Georgia Prosecutor Fights Trump Effort to Remove Her from Election Probe


An Atlanta-area prosecutor investigating whether Donald Trump and his allies broke the law when they sought to overturn Trump’s 2020 election loss in Georgia asked a judge Monday to dismiss a motion by Trump’s attorneys seeking to throw out evidence gathered by a special-purpose grand jury, claiming the former president is trying to block an investigation before “any charges are filed.”

The prosecution filing was in response to a March 20 motion by Trump’s Georgia-based legal team that sought to block the release of a final report issued in January by the special grand jury and “preclude the use of any evidence derived” from its investigation, claiming it was “conducted under an unconstitutional statute” and “through an illegal and unconstitutional process” that violated Trump’s due-process rights.

In a response filed late Monday afternoon, Fulton County District Attorney Fani T. Willis (D) said the motion — which was joined last month by Cathy Latham, a Georgia Republican and alternate Trump elector who has been named as a target in the investigation — was “procedurally flawed and advance arguments that lack merit.”

Willis wrote in the filing that Trump and Latham “are not content to follow the ordinary course of the law. They seek to ‘restrain’ a criminal investigation before any charges are filed or even sought; they ask that the judicial system place them above and apart from the common administration of the criminal law; and they do so by raising arguments for which they have no standing, or which they failed to timely join, or which they have already failed, or which have no basis in law at all.”

The special-purpose grand jury impaneled to investigate the case heard from 75 witnesses over several months last year before issuing a final report in January that recommended charges but remains mostly sealed pending a charging decision by Willis. Because the special grand jury did not have the power to issue indictments — only recommendations — Willis would have to present her case to a regular grand jury that can issue criminal indictments if she chooses to do that.

Trump’s attorneys — Drew Findling, Jennifer Little and Marissa Goldberg — have also sought to recuse Willis’s office and to prevent prosecutors from pursuing “any further proceedings in this matter,” including indictments, claiming Willis violated “prosecutorial standards” and Trump’s constitutional rights in part by publicly commenting on the case.

“The whole world has watched the process of the [special-purpose grand jury] unfold and what they have witnessed was a process that was confusing, flawed and, at times, blatantly unconstitutional,” the 483-page filing from Trump’s attorneys read. “Given the scrutiny and the gravity of the investigation and those individuals involved — namely, the movant President Donald J. Trump — this process should have been handled correctly, fairly, and with deference to the law and the highest ethical standards.”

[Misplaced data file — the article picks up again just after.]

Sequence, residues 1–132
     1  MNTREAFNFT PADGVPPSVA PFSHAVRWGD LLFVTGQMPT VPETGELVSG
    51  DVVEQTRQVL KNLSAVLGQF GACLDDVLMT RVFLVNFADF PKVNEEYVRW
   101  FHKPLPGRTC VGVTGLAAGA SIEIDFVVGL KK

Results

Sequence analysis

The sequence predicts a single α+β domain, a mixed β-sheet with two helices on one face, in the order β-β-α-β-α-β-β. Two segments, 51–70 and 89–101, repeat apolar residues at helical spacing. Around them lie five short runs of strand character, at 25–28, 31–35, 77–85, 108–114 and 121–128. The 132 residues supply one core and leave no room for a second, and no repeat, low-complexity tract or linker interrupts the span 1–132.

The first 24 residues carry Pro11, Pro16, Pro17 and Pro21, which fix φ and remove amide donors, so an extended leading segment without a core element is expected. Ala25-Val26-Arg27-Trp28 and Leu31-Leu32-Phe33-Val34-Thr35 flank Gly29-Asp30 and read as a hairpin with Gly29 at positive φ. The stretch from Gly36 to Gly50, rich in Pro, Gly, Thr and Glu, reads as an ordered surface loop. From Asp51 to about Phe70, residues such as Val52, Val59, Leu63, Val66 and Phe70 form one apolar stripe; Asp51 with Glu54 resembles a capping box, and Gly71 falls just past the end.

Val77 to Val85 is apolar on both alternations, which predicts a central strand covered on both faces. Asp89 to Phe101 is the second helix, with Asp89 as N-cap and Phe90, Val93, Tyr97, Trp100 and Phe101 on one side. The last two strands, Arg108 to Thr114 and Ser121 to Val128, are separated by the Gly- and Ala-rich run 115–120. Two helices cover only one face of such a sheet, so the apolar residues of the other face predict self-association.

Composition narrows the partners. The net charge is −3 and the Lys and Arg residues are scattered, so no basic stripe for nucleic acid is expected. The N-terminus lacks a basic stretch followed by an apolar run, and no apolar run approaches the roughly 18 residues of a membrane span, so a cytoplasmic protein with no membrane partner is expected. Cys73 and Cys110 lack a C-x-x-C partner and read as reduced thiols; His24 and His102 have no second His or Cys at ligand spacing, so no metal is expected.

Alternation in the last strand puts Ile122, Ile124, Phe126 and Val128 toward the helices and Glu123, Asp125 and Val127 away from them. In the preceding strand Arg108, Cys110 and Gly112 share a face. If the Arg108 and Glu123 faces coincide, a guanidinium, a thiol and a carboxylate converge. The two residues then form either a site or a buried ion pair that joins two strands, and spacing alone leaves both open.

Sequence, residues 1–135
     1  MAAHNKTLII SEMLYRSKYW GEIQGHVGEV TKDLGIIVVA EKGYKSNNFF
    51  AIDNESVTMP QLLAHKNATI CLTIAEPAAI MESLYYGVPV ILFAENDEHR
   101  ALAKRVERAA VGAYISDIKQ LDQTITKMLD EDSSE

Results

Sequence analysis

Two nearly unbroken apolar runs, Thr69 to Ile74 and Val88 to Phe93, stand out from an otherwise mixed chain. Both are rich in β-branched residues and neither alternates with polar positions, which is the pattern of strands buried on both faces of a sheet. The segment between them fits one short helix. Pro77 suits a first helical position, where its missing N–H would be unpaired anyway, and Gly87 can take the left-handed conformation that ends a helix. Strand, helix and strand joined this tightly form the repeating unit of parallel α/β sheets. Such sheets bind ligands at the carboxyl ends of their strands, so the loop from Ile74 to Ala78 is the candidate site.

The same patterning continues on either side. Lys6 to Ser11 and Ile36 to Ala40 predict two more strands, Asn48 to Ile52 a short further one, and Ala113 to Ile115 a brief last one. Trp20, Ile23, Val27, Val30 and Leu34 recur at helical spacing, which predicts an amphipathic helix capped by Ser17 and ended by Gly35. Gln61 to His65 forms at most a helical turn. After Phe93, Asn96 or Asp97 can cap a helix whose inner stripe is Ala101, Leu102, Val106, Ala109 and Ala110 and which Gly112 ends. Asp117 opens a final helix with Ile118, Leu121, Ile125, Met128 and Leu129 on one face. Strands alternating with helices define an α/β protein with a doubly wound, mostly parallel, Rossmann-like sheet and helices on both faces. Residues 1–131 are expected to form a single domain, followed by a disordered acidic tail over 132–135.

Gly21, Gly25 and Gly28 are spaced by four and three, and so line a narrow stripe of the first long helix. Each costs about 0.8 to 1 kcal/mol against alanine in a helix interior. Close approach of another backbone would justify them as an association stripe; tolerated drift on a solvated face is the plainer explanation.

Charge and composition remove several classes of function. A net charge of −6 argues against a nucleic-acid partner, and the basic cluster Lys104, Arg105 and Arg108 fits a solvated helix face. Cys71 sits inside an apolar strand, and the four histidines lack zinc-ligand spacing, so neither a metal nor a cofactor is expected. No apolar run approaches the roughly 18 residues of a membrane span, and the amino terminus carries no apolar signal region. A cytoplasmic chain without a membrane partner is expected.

In her response, Willis pushed back on those claims — questioning why Trump had waited until now to lodge complaints about the process and her office’s handling of the case.

“Far from raising this issue promptly, Mr. Trump has waited years, until after the conclusion of an entire [special-purpose grand jury] investigation, when the [Fulton County District Attorney’s Office’s] own investigation has moved into its latter stages,” Willis wrote.

Willis defended her public comments about the investigation, claiming her remarks were “conditional, vague, comments regarding ‘allegations,’ or general statements about the investigation and the reason for its pursuit.” Trump and Latham “have not (and cannot) show the sort of pervasive misconduct required for disqualification,” Willis wrote.

Fulton County Superior Court Judge Robert McBurney, who oversaw the special grand jury, had ordered Willis to respond the Trump and Latham motions by Monday. Trump’s legal team has asked for a hearing on its requests to block the grand jury evidence and remove the district attorney’s office from the investigation — though it was not clear Monday evening if McBurney would grant a hearing or when he might rule.

In a statement, Trump’s legal team said that Willis “failed to address several of the critical substantive issues” raised in its motion and that it planned to ask McBurney for permission to file a response.

Trump’s lawyers have also asked that McBurney be removed from the case, arguing he violated the rights of witnesses and those involved in the investigation by giving improper legal guidance — including to the grand jurors. They have asked the Fulton County chief judge to call a hearing on that matter, but McBurney continues to oversee the case.

The back and forth comes after Willis revealed in letters to state and local law enforcement that she plans to announce whether she will file charges in the case between July 11 and Sept. 1 and cited a “need for heightened security and preparedness in coming months due to this pending announcement.”

The letters were the strongest hint yet that Willis may file criminal charges in the high-profile case, which not only has cast scrutiny on the actions of Trump and his closest allies but also has ensnared a host of prominent Republicans, including former New York mayor Rudy Giuliani and Sen. Lindsey O. Graham (R-S.C.).

Source: The Washington Post